PIERRE, S.D (KELO) — It was August of 1976, when a man’s decomposing body was found in the Missouri River near Pierre.

Despite investigators’ best efforts, the man discovered in the water couldn’t be named.

He was buried at Pierre’s Riverside Cemetery as an unknown man.

The case always bothered Cheryl Stone.

“I kept thinking there’s got to be someone looking for this gentleman,” Stone said.

Over the years, her mother, Gertrude, placed flowers on the unknown man’s grave.

Cheryl later took over tending to the grave.

In 2020 than Pierre Police Detective Trevor Swanson took on the cold case.

“Anytime that you have an individual in your community that has no identification, that has no name, he’s been put to rest under unknown circumstances, I think that we as law enforcement have a duty to try to answer some of those questions,” Swanson said.

In 2021, the body was exhumed with a permit, and samples were collected.

In 2022, Swanson remained on the case as a DCI special agent.

The DNA profile was compared to results found in genetic genealogy databases.

It resulted in a potential match for 39-year-old Stephen Earl Boice.

His last known address was Seattle, Washington.

“Mr. Boice was never reported as missing, in part I assume to his somewhat transient lifestyle. When no one heard from him they just assumed he was off living his life somewhere else,” Swanson said.

The South Dakota Forensic Lab compared the partial fingerprints collected in 1976 with a fingerprint card collected from Boice in the 1960s.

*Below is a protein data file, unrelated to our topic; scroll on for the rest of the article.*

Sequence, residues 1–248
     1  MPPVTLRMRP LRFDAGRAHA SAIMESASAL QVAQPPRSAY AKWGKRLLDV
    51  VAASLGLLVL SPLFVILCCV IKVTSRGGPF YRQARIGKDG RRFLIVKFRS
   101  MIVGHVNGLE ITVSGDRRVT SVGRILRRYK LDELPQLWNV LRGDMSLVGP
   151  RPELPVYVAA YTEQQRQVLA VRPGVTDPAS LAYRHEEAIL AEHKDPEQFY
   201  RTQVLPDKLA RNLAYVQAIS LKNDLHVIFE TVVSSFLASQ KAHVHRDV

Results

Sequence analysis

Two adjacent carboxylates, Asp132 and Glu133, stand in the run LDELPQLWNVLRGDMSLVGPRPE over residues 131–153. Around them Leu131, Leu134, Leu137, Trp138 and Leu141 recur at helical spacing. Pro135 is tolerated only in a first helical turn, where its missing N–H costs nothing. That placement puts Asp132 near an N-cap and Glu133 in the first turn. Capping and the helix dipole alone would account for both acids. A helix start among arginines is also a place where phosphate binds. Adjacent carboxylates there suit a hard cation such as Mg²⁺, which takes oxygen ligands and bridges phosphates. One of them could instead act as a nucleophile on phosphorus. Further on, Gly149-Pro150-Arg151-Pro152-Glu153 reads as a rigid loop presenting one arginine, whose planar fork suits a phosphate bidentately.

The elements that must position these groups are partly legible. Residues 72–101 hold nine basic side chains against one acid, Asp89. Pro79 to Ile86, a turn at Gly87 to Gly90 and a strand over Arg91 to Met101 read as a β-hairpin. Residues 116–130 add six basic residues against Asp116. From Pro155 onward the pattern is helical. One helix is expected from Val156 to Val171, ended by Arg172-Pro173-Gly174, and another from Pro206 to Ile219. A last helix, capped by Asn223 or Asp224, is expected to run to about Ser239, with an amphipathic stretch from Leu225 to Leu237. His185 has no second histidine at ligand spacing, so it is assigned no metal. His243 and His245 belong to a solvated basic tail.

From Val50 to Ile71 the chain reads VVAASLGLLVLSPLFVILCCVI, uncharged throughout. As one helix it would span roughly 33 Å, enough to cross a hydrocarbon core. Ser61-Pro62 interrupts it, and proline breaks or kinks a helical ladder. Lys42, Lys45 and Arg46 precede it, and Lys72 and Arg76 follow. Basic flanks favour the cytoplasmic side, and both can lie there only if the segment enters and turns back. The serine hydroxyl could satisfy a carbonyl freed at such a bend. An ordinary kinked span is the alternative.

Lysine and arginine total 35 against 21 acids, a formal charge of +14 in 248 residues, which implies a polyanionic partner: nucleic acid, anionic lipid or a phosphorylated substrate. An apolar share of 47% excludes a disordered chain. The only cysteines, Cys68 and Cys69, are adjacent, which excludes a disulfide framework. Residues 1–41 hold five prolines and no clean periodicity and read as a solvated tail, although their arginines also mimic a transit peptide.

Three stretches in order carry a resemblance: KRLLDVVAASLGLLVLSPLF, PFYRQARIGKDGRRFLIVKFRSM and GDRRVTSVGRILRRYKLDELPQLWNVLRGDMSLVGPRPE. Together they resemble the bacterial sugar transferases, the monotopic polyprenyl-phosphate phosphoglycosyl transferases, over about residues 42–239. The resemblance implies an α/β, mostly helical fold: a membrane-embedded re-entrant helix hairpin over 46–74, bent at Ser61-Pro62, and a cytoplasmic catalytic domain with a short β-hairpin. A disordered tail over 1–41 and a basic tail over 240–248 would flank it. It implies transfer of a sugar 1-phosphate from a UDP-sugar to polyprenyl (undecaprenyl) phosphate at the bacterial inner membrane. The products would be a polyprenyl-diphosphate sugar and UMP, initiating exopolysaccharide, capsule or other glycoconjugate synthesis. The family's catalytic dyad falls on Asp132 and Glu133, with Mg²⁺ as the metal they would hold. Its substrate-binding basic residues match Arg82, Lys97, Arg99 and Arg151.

The prints matched.

“It really is an example of where excellent police work combined with modern technology we’re able to do miracles,” South Dakota Attorney General Marty Jackley said.

Boice now has a headstone at Riverside Cemetery with his full name.

Putting an end to the mystery is bittersweet.

“It feels good to know we were able to identify somebody who was previously known as “unknown man” and to put a name to this, to give him his name back, but at the same time, what is the elephant in the room is that there was a tragedy that led to this investigation,” Swanson said.

“You can think that maybe this isn’t important, but in fact, it is. It’s a person, and he was important,” Stone said.

That’s why Cheryl will continue caring for his grave.

Investigators say there’s no evidence of foul play in Boice’s death.

They’ve contacted Boice’s closest living relatives.

They requested he remain at Riverside Cemetery.